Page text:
In “A Less Private Practice: Government Lawyers and Legal Ethics”, a 2020 paper published in the Dalhousie Law Journal, Jennifer Leitch discusses the role of government lawyers amid claims for compensation relating to the St. Anne’s residential school.
It is now widely known that egregious physical, sexual and psychological abuse of Indigenous children occurred at St. Anne’s Residential School between 1941 and 1972.
Professor Leitch discusses how lawyering generally follows a private model, in which “private lawyers operate on the basis of an ‘enlightened self-interest’ in the sense that serving their client’s interests will ultimately serve their professional self-interests.”
The adversarial framework tends to perpetuate a hierarchy of duties and responsibilities that places zealous advocacy and client autonomy at its peak… In keeping with these notions of client autonomy and zealous advocacy, the adversarial framework encourages … that lawyers conduct themselves in certain ways. This conception of the lawyer’s role assumes the lawyer to be ‘neutral’ vis-à-vis the morality of their client’s views or actions. … To the extent that lawyers are not ethically accountable for the client’s objectives or the means used to achieve those objectives, there is little incentive to engage in a contemplative analysis of the steps they take in the client’s name.” The result is the creation of an environment in” which lawyers are incentivized to exploit any advantage the system allows on behalf of their client. The further consequence is a marginalization of the lawyers’ competing duties to the legal system and the public.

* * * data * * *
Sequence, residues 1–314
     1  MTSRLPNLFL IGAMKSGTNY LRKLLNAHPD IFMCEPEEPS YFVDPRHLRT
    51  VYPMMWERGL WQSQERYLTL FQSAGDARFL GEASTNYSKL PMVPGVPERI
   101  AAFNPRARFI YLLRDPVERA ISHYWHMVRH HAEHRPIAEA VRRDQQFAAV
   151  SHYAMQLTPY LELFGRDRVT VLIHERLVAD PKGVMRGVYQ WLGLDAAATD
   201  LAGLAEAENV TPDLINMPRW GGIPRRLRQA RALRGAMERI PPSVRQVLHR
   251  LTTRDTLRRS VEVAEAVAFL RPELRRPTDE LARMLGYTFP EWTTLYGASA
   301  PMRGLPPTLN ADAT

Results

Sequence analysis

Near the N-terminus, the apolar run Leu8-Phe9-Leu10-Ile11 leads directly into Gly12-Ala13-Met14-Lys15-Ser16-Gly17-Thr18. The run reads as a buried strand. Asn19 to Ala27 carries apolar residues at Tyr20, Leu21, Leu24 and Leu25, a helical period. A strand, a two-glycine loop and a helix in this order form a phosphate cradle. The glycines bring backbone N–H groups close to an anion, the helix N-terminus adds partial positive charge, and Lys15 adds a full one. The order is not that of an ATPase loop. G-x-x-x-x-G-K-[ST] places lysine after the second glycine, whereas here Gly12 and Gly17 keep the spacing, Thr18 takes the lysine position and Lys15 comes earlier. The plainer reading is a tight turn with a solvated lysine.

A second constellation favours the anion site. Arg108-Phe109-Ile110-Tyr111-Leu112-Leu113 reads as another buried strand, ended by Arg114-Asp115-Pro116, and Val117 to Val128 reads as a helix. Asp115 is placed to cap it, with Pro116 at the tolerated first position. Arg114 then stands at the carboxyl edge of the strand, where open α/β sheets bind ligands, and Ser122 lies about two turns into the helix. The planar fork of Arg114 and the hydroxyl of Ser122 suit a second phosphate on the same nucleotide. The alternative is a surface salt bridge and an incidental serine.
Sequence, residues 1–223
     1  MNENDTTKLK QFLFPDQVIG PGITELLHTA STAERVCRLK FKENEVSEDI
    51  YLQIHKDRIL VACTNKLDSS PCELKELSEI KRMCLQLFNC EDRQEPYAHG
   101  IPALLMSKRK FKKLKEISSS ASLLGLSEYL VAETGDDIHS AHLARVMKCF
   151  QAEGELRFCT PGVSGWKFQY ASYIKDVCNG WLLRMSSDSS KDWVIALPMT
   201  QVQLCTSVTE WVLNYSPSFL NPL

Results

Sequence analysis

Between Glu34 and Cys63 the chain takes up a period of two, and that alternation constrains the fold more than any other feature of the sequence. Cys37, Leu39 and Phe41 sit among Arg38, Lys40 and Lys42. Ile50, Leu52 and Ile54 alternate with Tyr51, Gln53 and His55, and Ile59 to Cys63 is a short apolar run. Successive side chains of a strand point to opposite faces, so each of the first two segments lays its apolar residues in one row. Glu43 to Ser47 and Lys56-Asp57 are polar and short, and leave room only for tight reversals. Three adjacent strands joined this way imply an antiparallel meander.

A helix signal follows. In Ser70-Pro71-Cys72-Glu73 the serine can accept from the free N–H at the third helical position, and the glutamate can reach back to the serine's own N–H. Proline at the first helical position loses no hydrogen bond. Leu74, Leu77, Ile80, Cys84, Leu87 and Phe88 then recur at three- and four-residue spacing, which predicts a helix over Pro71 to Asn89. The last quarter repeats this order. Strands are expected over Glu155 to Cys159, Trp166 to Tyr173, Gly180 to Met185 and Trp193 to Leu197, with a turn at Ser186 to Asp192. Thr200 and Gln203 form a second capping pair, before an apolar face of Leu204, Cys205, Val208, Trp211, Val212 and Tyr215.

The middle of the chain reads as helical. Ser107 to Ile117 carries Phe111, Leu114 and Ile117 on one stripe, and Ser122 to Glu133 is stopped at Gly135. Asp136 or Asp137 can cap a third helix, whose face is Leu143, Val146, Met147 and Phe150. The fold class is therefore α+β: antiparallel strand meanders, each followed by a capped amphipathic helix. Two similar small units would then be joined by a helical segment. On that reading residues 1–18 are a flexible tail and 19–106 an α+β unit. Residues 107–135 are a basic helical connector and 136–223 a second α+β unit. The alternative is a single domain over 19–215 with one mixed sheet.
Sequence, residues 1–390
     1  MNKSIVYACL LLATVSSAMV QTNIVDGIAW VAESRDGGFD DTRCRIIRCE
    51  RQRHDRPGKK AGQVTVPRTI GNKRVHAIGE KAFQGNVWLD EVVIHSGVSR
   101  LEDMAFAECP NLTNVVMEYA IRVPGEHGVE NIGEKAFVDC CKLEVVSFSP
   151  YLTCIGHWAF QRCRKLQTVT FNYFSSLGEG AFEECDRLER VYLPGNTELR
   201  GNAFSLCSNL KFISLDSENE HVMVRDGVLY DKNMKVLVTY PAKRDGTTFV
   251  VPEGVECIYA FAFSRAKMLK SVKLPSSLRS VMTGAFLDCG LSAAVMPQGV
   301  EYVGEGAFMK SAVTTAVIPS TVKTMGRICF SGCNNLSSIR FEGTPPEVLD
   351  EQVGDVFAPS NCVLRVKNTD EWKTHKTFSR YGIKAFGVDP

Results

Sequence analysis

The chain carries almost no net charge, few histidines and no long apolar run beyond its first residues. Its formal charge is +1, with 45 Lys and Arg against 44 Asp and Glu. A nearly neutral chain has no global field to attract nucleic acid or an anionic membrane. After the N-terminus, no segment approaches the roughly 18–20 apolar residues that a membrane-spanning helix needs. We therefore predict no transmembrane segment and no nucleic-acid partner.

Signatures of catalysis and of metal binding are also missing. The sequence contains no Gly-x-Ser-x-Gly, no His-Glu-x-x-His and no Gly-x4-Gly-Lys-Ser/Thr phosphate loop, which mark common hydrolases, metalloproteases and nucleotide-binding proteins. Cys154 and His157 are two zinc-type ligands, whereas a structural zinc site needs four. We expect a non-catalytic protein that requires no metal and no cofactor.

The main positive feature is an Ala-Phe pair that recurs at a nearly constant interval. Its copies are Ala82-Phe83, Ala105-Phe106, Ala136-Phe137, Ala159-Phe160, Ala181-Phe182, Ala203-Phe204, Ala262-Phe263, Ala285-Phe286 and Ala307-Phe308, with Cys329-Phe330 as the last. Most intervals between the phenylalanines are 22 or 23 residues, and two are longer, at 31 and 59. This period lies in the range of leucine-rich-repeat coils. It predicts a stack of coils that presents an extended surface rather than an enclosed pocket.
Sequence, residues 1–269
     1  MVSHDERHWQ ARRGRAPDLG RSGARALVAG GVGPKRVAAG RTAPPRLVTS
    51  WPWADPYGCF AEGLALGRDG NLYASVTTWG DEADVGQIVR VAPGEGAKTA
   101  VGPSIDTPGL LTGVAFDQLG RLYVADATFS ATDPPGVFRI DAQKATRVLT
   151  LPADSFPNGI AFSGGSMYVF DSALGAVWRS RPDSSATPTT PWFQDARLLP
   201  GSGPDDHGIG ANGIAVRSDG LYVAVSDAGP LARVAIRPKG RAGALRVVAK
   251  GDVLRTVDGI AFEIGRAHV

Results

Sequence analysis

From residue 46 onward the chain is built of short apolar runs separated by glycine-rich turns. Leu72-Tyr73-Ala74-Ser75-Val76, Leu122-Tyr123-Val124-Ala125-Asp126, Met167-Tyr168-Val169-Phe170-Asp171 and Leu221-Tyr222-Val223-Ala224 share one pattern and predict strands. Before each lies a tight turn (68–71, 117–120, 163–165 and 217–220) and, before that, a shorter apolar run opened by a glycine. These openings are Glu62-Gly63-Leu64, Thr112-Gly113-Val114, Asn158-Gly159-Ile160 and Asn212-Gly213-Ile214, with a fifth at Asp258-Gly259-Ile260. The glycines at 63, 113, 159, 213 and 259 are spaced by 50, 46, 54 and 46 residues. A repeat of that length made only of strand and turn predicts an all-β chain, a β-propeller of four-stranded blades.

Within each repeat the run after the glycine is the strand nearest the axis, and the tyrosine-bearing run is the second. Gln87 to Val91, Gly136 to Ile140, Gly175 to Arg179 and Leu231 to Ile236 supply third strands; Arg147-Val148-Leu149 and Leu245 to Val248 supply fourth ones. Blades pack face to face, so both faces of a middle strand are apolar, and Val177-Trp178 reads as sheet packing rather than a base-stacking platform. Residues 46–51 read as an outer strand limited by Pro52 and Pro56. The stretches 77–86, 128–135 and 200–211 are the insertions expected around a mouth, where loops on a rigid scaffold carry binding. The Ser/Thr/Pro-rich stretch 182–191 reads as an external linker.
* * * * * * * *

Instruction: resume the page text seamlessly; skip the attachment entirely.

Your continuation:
[However]… an unfettered loyalty to zealous advocacy and neutral partisanship might well undermine the Honour of the Crown, and the corresponding broader objectives of the elected government, including reconciliation.
Professor Leitch asserts that when taking instructions from and acting on behalf of a particular government body, a lawyer representing the public body “cannot and should not simply adopt a neutral partisan or ‘hired gun’ mentality that calls upon her to act as a zealous advocate and maintain a largely unfettered duty of loyalty to the instructing client.”
She recommends a “justice ethic”, which is already operationalized in certain government lawyering contexts. This might be expanded to provide “a meaningful and comprehensive framework for ethical government lawyering beyond the sphere of crown prosecutors.”
She advances a proposal for clarifying the role of lawyers who represent public bodies in civil proceedings.
Professor Leitch states that just because a lawyer representing the state can take a position does not mean that he or she should.
If taking a particular position could thwart, rather than foster, access to justice for the person involved, should that step be taken?
Is the duty to foster justice restricted only to crown prosecutors? Or does it extend to all lawyers who represent the public interest?
Our Supreme Court of Canada has signaled that it may be alive to this issue.
It will be interesting to see if our law will develop to clarify the role of public bodies in civil litigation, particularly in civil cases involving marginalized individuals.
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